Snyder v. Commonwealth, 412 Pa. 15, 18, 192 A.2d 650, 652 (1963), quoting 4 Nichols on Eminent Domain Section 12.322 (Rev. 3rd. Ed. 1962) (footnotes omitted). The Snyder court concluded that the existence of a probable or possible zoning change, sufficient to have an effect on the market value, is a question of fact and that it need not be proven by direct testimony but may be established through evidence as to trends in the community, the best use of the land, and a need for the proposed use as well as by an inspection of the premises by the factfinder. Nonetheless, the Bank contends that the evidence presented by Peace Valley was not sufficient under the Snyder standards to permit the court to consider the potential zoning change as a factor in establishing the fair market value of this property.
The evidence established that the parcel was situated in a district zoned Agricultural-Recreation, a classification which permitted residential units only on lots of five or more acres and further provided for a maximum of ten such residential units per development. The hearing judge determined that electricity and telephone service were available to the subject property and that, while an exception to the environmental ban on connection to the sewer service had not been received, sewer as well as water service were
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technically and economically feasible. The expert appraiser presented by the bank testified that the fair market value of the parcel, if the permissible development of the parcel as a residential subdivision were undertaken, would be $207,000.00. Peace Valley presented a developer who proposed development of the parcel as a residential subdivision composed of 120 units, a proposal that, he testified, would be appropriate for the area and a plan that would be permitted in a district zoned (R-R) Residential. The expert appraiser for Peace Valley testified that the property was in the direct path of residential development in the township, that, even though adjacent properties were sparsely improved, there were housing developments in the area, and that there was a ready market for this type of development, a plan that he considered to be the best use of the tract. The appraiser proceeded to express the opinion that it was not likely that the municipality would reject an application for such a zoning change and the conclusion that, as a result, the fair market value of the property was $635,000.00.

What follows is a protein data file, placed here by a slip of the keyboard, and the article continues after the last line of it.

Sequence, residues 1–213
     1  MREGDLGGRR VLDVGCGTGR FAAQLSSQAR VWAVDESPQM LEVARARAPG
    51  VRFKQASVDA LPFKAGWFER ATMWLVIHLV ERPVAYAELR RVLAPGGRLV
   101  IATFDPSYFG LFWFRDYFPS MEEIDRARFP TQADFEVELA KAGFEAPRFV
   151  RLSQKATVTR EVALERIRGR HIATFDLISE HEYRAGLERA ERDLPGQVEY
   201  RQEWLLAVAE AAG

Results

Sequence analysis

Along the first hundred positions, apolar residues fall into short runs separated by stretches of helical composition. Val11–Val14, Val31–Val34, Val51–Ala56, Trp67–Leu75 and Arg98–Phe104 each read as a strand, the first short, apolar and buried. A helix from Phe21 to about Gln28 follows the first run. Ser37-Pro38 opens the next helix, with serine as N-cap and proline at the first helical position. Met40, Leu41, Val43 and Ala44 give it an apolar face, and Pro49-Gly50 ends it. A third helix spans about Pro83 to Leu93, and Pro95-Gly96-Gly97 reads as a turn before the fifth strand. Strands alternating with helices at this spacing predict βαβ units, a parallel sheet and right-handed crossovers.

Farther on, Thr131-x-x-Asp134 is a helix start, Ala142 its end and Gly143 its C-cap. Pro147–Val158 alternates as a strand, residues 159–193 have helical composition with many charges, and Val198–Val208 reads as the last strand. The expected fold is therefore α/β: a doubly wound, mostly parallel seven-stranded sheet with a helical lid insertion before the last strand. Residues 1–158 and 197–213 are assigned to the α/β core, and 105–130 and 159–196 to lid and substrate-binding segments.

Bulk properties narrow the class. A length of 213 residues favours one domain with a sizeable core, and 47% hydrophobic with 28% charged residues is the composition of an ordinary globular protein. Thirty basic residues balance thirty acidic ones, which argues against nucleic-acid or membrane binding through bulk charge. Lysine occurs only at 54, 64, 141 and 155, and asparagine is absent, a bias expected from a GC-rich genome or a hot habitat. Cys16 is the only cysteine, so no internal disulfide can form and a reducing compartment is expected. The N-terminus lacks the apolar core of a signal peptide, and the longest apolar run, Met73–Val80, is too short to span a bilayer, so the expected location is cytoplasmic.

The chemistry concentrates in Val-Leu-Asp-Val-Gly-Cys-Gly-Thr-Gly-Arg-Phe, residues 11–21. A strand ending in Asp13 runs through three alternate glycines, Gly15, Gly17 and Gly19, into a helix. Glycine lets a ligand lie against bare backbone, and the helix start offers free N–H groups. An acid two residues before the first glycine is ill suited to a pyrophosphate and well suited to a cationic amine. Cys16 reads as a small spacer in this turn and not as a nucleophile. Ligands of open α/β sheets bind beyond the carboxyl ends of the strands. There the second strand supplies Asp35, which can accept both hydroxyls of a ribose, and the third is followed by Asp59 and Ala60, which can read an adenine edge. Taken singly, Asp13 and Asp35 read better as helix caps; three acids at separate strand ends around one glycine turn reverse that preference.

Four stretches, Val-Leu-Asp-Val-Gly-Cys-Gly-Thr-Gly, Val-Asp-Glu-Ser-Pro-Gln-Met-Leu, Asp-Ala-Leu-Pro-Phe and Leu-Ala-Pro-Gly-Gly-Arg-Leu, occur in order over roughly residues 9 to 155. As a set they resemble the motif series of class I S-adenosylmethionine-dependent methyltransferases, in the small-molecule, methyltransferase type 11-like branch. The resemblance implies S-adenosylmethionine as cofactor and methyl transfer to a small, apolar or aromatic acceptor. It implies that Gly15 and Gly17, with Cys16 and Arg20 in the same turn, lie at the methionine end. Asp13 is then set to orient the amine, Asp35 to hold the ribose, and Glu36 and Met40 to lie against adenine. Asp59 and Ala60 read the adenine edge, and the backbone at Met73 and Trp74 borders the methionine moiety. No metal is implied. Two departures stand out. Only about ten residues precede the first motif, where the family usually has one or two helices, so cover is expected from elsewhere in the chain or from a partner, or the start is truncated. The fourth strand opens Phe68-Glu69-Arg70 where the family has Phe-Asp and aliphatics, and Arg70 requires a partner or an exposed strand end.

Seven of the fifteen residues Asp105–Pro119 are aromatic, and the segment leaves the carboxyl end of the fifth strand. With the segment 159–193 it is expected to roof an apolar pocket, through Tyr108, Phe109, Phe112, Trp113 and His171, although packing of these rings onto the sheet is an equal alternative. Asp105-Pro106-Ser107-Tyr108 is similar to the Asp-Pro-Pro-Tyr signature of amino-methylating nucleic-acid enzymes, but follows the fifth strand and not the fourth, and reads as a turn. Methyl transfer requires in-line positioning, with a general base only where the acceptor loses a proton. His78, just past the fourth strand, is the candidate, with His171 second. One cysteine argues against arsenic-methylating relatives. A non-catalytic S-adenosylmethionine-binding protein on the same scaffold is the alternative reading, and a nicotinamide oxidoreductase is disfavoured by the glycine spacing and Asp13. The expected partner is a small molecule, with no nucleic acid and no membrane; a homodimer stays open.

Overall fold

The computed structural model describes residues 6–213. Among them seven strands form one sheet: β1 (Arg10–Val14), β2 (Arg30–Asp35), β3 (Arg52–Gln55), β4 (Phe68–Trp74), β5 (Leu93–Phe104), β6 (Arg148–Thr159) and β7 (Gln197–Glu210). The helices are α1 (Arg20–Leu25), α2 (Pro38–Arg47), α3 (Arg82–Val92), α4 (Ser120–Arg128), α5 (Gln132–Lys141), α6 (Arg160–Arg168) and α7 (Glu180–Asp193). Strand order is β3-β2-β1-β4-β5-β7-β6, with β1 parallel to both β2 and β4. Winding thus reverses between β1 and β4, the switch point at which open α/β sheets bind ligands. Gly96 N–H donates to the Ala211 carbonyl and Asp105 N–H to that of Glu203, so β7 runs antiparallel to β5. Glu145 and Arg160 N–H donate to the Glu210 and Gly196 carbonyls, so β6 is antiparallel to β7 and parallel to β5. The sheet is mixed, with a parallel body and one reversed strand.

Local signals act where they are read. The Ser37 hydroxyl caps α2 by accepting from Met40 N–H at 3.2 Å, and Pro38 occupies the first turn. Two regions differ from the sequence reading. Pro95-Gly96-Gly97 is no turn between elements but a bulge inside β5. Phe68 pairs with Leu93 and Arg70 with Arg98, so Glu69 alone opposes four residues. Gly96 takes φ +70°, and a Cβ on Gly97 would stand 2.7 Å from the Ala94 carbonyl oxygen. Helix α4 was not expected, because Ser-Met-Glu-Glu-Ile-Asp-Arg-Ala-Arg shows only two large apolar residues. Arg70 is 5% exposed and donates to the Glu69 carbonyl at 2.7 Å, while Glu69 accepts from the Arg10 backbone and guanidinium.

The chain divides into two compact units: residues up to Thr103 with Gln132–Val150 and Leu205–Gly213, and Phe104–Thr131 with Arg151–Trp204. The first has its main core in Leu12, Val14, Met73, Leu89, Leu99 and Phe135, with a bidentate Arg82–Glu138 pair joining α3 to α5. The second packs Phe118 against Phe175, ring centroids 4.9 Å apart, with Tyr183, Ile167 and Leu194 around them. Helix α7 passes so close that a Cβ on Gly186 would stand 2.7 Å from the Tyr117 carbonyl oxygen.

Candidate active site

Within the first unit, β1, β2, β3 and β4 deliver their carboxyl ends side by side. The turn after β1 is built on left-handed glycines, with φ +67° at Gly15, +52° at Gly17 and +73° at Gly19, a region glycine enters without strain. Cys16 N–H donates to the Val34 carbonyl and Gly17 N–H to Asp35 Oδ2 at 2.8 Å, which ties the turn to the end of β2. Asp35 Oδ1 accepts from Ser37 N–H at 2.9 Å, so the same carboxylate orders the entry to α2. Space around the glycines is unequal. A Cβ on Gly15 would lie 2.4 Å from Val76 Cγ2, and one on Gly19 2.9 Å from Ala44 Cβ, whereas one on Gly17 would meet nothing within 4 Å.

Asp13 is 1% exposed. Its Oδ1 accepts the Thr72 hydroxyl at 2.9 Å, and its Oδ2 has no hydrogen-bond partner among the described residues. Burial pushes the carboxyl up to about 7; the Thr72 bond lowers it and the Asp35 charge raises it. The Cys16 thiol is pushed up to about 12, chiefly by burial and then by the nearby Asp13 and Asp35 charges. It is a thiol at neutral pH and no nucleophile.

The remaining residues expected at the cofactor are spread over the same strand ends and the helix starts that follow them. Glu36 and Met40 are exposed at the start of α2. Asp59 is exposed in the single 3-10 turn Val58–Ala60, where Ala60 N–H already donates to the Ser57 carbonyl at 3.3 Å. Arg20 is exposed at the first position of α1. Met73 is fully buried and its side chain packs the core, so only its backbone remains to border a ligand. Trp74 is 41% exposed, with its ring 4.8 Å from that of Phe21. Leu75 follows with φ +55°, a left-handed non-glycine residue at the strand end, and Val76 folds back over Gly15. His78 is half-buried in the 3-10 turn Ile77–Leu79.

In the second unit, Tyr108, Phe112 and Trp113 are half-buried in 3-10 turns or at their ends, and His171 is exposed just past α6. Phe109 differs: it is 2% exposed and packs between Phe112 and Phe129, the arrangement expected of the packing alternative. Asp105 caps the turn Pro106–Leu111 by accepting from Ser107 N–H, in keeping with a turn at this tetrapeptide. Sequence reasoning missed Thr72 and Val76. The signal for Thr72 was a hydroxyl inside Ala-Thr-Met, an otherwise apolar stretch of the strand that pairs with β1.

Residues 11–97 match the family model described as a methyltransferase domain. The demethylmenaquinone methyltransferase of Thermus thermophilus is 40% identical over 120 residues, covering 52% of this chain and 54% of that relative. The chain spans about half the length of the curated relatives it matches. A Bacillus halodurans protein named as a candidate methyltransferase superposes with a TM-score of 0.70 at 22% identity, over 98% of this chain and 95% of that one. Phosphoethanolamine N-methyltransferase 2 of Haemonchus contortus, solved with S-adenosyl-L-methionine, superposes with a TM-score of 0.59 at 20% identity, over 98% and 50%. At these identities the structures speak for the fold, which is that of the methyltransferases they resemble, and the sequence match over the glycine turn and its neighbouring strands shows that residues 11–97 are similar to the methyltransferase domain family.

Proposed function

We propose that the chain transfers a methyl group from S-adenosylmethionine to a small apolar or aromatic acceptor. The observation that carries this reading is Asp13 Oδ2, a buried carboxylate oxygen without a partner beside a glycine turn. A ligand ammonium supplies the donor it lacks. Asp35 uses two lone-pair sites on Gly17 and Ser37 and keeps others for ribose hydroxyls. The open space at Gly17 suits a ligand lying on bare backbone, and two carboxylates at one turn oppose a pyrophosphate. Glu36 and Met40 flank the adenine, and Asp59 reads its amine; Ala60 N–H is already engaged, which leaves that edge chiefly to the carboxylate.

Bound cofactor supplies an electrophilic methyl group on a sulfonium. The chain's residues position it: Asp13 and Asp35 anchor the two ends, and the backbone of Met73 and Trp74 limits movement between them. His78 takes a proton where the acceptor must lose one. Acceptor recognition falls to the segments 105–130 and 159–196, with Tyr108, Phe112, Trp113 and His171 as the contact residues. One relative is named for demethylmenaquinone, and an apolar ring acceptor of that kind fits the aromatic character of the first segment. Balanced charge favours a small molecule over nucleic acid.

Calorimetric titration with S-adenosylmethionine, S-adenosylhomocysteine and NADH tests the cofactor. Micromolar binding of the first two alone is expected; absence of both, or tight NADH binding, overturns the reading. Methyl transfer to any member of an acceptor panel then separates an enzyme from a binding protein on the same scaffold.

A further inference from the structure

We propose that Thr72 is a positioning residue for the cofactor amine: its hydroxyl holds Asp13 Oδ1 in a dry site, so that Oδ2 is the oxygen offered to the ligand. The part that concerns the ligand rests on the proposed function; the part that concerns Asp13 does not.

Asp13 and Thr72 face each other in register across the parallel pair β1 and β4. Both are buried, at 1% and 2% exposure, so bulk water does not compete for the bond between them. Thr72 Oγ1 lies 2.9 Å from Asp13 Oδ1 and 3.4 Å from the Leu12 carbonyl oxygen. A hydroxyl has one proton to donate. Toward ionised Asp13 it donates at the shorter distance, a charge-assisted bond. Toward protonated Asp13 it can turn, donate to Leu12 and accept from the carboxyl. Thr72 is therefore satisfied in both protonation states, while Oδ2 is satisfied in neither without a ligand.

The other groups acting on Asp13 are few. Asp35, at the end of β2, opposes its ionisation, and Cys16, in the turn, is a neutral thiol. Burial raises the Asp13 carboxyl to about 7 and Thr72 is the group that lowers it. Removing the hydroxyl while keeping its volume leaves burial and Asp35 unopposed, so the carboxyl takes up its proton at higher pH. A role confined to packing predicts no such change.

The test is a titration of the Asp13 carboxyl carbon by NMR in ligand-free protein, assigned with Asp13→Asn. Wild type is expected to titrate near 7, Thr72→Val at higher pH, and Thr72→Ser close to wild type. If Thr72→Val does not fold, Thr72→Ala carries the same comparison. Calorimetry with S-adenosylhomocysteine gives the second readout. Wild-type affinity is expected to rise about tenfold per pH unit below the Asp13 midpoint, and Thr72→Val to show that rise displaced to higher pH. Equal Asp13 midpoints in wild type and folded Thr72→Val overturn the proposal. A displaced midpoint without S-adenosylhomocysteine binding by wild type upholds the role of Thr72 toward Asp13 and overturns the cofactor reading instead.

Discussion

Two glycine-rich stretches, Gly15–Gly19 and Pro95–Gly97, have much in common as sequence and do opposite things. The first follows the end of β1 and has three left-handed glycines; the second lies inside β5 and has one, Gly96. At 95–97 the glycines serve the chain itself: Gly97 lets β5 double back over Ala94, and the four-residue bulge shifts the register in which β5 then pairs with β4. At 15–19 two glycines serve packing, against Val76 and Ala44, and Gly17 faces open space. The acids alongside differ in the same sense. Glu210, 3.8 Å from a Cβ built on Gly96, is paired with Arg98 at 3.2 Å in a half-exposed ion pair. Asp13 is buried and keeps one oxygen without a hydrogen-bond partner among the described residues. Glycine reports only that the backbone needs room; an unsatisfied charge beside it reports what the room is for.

Our careful review of the entire record leads us to conclude that the hearing judge properly entered upon a consideration of the potential of a zoning amendment as a value factor and so carefully balanced this potential that we share the conclusion expressed in his able opinion "that under all of the circumstances the possibility of sewers and subsequent zoning change were not considerable on July 10, 1981, but were sufficient to have an influence, but a very small influence, on the property's fair market value." As a result, the appeal of the Bank must be rejected.
We also reject the assertion of Peace Valley that the hearing judge concluded that the highest and best use of the parcel was development as a residential subdivision of five (5) acre lots. We do not agree that the court so concluded. Rather, the hearing judge merely noted that such a development was a permissible use under the zoning
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ordinance then in effect. And while Peace Valley may have produced evidence that a development of 120 residential units would be the highest and best use of the property, the hearing judge was not bound to so find, much less be controlled by such a finding. While the notion of highest and best use has become an element for consideration in judicial determinations of fair market value in condemnation cases, see Shillito v. Metropolitan Edison Co., 434 Pa. 172, 173, 252 A.2d 650, 651 (1969); County of Luzerne v. Ceccoli, 75 Pa. Commw Ct. 486, 487-488, 462 A.2d 354, 355 (1983), it is but one of several elements that enter into such a determination. The decision of the Pennsylvania Supreme Court in Union Nat. Bank of Pittsburgh v. Crump, supra, remains the landmark authority in deficiency judgment proceedings and, as the hearing judge noted, the Court there made clear:
Many elements properly enter into the determination of "fair market value". Among these are recent sales of real estate of comparable location and description . . . . Other factors of value include (1) the uses to which the property is adapted and might reasonably be applied (2) the demand for the property and similar properties, taking into consideration economic conditions which depress market value in its true sense and detrimentally influence such demand (3) the income produced by the property, including rents, and (4) generally, all elements which affect the actual value of the property and therefore influence its fair market value . . . .
Id., 349 Pa. at 341, 37 A.2d at 735 (citations omitted). The findings of fact and discussion provided by the hearing judge in his able opinion demonstrate that he afforded careful consideration to all of the required elements. The record reveals ample evidence to support the conclusions upon which the trial judge based his determination that the fair market value of the subject premises was $385,000.00. As a result, we affirm.